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J Clin Periodontol. 2015 May;42(5):422-30. doi: 10.1111/jcpe.12391. Epub 2015 Apr 27.

Pre-diabetes and well-controlled diabetes are not associated with periodontal disease: the SHIP Trend Study.

Author information

1
German Diabetes Center, Institute of Biometrics and Epidemiology, Düsseldorf, Germany.
2
Center of Clinical Epidemiology, c/o Institute of Medical Informatics, Biometry and Epidemiology (IMIBE), University Hospital, Essen, Germany.
3
Unit of Periodontology, Department of Restorative Dentistry, Periodontology, and Endodontology, University Medicine, Ernst-Moritz-Arndt-University, Greifswald, Germany.
4
Institute for Community Medicine, University Medicine, Ernst-Moritz-Arndt-University, Greifswald, Germany;
5
Department of Prosthodontics, Gerodontology and Biomaterials, Dental School, University Medicine, Ernst-Moritz-Arndt-University, Greifswald, Germany.

Abstract

AIM:

To examine associations of pre-diabetes and well-controlled diabetes with periodontitis.

MATERIALS AND METHODS:

The Study of Health in Pomerania (SHIP)-Trend is a cross-sectional survey in North-Eastern Germany including 3086 participants (49.4% men; age 20-82 years). Clinical attachment loss (CAL) and periodontal probing depth (PPD) were assessed applying a random half-mouth protocol. The number of teeth was determined. Pre-diabetes comprised impaired fasting glucose and impaired glucose tolerance. Previously known diabetes was defined as well controlled if glycated haemoglobin (HbA1c) was <7.0%. Participants were categorized as follows: normal glucose tolerance (NGT), pre-diabetes, newly detected type 2 diabetes (T2DM), known T2DM with HbA1c<7.0% and known T2DM with HbA1c≥7.0%.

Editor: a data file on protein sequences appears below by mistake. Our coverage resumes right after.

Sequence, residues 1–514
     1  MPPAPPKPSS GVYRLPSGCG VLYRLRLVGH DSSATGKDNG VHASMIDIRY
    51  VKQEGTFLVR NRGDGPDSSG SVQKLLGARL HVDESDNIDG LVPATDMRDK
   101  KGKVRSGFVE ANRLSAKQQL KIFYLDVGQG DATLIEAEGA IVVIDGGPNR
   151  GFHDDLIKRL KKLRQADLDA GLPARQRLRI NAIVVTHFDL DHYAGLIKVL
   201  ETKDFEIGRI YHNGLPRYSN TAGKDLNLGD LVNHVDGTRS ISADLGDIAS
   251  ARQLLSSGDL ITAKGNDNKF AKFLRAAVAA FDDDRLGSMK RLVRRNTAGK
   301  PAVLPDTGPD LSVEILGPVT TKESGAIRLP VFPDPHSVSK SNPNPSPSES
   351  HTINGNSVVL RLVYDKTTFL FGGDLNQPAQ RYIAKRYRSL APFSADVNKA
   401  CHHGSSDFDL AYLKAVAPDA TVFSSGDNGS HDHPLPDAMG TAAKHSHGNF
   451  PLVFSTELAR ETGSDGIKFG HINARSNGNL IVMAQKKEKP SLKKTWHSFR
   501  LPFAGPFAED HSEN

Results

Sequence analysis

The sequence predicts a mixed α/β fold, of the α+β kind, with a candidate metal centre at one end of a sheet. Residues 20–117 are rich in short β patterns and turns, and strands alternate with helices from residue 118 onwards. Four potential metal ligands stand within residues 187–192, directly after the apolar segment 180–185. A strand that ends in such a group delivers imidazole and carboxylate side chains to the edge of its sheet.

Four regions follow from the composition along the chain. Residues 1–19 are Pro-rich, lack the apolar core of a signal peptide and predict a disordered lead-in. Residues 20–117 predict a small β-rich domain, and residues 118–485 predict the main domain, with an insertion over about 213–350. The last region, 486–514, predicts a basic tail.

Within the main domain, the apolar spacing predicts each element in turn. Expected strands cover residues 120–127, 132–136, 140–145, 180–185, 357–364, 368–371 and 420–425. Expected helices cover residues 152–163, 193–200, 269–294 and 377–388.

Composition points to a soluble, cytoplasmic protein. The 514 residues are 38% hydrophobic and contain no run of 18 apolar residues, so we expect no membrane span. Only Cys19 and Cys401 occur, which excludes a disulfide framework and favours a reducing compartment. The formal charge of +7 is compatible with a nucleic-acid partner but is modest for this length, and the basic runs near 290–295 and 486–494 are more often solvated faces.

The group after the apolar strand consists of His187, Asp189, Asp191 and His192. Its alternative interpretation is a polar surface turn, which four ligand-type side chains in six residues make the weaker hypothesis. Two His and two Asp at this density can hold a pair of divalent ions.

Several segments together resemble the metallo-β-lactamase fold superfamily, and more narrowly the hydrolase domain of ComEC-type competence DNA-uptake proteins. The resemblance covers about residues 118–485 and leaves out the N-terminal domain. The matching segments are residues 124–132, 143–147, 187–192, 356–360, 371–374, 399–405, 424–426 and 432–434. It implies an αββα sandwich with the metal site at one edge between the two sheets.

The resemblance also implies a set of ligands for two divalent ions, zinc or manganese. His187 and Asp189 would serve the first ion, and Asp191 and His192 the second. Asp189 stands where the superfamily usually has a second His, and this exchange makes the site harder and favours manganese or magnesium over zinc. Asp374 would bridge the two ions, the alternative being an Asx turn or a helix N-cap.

RESULTS:

Pre-diabetes was neither associated with mean CAL and PPD in multivariable adjusted linear regression models nor with edentulism (OR = 1.09 (95%-CI: 0.69-1.71)) and number of teeth (OR = 0.96 (95%-CI: 0.75-1.22), lowest quartile versus higher quartiles) in logistic regression models. Associations with mean CAL and edentulism were stronger in poorly controlled previously known diabetes than in well-controlled previously known diabetes (for edentulism: OR = 2.19 (95%-CI: 1.18-4.05), and OR = 1.40 (95%-CI: 0.82-2.38), respectively, for comparison with NGT).

CONCLUSIONS:

Periodontitis and edentulism were associated with poorly controlled T2DM, but not with pre-diabetes and well-controlled diabetes.

KEYWORDS:

diabetes mellitus; edentulous; glucose intolerance; hyperglycaemia; mouth; periodontal attachment loss; periodontal diseases; periodontitis; pre-diabetic state

PMID:
25808753
DOI:
10.1111/jcpe.12391
[Indexed for MEDLINE]

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